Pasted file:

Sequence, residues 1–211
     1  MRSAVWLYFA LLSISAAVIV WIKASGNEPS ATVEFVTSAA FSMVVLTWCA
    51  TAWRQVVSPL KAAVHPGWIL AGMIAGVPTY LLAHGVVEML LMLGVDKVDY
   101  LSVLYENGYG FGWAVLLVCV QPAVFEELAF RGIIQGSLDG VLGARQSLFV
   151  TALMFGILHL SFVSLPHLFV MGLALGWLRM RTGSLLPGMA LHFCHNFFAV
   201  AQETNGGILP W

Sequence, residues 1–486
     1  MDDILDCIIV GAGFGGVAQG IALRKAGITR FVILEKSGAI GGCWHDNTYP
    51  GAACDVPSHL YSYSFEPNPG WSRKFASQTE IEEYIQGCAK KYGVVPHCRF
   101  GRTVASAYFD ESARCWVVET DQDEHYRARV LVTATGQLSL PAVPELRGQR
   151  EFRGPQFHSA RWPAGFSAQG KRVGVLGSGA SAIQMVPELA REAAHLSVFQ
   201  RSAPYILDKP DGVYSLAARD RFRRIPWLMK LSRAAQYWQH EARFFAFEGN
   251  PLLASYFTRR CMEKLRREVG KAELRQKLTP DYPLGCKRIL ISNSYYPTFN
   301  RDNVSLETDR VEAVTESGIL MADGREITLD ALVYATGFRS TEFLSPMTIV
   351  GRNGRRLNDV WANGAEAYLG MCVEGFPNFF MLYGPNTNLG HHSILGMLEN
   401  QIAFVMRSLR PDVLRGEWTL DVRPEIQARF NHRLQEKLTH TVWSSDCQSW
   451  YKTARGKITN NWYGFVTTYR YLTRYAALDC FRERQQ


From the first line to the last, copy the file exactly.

Sequence, residues 1–211
     1  MRSAVWLYFA LLSISAAVIV WIKASGNEPS ATVEFVTSAA FSMVVLTWCA
    51  TAWRQVVSPL KAAVHPGWIL AGMIAGVPTY LLAHGVVEML LMLGVDKVDY
   101  LSVLYENGYG FGWAVLLVCV QPAVFEELAF RGIIQGSLDG VLGARQSLFV
   151  TALMFGILHL SFVSLPHLFV MGLALGWLRM RTGSLLPGMA LHFCHNFFAV
   201  AQETNGGILP W

Sequence, residues 1–486
     1  MDDILDCIIV GAGFGGVAQG IALRKAGITR FVILEKSGAI GGCWHDNTYP
    51  GAACDVPSHL YSYSFEPNPG WSRKFASQTE IEEYIQGCAK KYGVVPHCRF
   101  GRTVASAYFD ESARCWVVET DQDEHYRARV LVTATGQLSL PAVPELRGQR
   151  EFRGPQFHSA RWPAGFSAQG KRVGVLGSGA SAIQMVPELA REAAHLSVFQ
   201  RSAPYILDKP DGVYSLAARD RFRRIPWLMK LSRAAQYWQH EARFFAFEGN
   251  PLLASYFTRR CMEKLRREVG KAELRQKLTP DYPLGCKRIL ISNSYYPTFN
   301  RDNVSLETDR VEAVTESGIL MADGREITLD ALVYATGFRS TEFLSPMTIV
   351  GRNGRRLNDV WANGAEAYLG MCVEGFPNFF MLYGPNTNLG HHSILGMLEN
   401  QIAFVMRSLR PDVLRGEWTL DVRPEIQARF NHRLQEKLTH TVWSSDCQSW
   451  YKTARGKITN NWYGFVTTYR YLTRYAALDC FRERQQ